…the archipelagic becomes a geopoetic agency wherein existing connections create their own framework for translocal affinities.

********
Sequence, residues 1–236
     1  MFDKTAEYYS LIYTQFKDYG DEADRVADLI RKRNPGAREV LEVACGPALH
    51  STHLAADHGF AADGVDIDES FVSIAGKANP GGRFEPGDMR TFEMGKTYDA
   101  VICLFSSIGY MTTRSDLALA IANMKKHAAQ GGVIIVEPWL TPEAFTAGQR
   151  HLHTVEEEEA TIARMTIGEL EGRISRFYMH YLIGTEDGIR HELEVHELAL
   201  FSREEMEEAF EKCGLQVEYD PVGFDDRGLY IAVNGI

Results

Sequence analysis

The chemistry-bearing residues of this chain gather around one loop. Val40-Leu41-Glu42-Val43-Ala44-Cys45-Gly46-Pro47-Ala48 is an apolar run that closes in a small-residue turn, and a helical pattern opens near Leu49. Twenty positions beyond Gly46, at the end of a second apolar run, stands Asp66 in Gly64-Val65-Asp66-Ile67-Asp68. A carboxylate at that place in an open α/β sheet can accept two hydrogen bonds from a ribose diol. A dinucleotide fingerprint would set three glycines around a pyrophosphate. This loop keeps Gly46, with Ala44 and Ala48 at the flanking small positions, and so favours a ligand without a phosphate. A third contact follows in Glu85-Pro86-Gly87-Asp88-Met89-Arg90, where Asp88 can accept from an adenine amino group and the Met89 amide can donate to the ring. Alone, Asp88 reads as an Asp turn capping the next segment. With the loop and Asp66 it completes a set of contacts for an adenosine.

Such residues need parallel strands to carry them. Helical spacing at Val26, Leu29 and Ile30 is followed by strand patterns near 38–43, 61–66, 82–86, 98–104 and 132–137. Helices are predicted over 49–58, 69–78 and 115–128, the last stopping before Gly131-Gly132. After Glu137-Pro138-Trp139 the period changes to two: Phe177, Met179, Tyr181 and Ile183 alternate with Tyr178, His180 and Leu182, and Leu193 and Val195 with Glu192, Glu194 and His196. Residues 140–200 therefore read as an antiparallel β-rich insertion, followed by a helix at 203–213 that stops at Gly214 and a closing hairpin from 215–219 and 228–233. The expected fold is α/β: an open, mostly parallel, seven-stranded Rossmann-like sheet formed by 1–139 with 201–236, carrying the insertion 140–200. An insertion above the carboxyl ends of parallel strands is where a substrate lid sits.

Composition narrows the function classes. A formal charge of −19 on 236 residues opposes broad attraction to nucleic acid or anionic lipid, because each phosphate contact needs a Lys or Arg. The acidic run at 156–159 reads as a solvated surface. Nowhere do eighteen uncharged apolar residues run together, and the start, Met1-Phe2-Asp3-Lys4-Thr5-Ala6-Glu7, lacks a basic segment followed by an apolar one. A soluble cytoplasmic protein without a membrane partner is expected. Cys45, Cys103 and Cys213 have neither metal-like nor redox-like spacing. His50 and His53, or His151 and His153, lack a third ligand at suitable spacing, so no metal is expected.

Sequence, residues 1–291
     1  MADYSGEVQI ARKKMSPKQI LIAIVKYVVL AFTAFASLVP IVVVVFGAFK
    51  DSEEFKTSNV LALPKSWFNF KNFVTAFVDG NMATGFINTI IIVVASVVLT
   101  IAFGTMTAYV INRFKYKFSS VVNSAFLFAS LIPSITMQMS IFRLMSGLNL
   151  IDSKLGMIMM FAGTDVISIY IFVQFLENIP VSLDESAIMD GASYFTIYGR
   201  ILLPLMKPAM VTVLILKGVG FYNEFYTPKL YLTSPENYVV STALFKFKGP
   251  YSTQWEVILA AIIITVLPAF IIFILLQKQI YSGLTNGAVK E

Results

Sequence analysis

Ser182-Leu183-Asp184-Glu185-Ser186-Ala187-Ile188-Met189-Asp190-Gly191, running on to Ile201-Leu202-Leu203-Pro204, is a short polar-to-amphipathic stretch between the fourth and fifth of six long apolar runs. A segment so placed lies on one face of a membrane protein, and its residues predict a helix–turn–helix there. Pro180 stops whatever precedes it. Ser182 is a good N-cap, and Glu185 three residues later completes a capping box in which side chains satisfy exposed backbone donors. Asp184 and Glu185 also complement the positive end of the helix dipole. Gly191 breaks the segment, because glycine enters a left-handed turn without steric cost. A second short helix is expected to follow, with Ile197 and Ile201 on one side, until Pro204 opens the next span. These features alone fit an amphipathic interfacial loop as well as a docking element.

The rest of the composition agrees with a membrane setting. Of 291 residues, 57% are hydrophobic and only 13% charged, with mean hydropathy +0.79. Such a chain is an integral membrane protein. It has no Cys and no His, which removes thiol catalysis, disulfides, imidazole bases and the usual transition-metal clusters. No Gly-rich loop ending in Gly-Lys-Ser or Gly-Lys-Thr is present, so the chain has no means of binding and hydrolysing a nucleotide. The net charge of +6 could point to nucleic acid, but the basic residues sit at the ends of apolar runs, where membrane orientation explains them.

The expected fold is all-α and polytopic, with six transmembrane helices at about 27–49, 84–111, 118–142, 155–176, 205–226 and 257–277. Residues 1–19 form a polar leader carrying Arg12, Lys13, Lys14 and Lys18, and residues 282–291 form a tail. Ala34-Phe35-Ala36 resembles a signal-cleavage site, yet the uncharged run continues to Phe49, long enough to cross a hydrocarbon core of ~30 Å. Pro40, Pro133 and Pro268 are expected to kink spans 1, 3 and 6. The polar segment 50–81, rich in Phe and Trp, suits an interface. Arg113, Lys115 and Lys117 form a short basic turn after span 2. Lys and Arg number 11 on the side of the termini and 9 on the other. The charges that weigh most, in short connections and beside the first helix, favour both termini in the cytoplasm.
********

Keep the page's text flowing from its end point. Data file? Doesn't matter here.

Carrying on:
While Taiwan is not readily considered as part of Southeast Asia, rethinking the contours of the region by way of the Nanyang archipelago can make economies of affinity between Taiwan, Hong Kong, Guangdong and Fujian in southeast China, and Southeast Asia become undeniable. Writing about the Nanyang archipelago, literary historian Brian Bernards proposes: “[b]y sustaining, establishing, or simply imagining new relations between islands (Borneo and Taiwan), capitals and port cities (Kuala Lumpur, Singapore, and Hong Kong), or regional centers (Hat Yai and Penang) that transcend national boundaries in the archipelago, the postcolonial Nanyang becomes an alternative network of affiliation to circumvent official national policies and dictates.”[15] Bernards’s astute work on these relations proposes a transcolonial possibility. ​​The transcolonial speaks to the transformation of the colonial as it disperses throughout the world. This is a horizontal framework where “imperial networks often proved to be international and global, drawing in and touching on areas and regions that ranged beyond the formal parameters of colonial relationships.”[16] The transcolonial emphasizes “the multiple networks of exchange that arose from the imperial experience, networks that connected colonies to one another … and stretched across the geographical and political boundaries that normally delimit such inquiries.”[17] In this conceptualization, the archipelagic becomes a geopoetic agency wherein existing connections create their own framework for translocal affinities.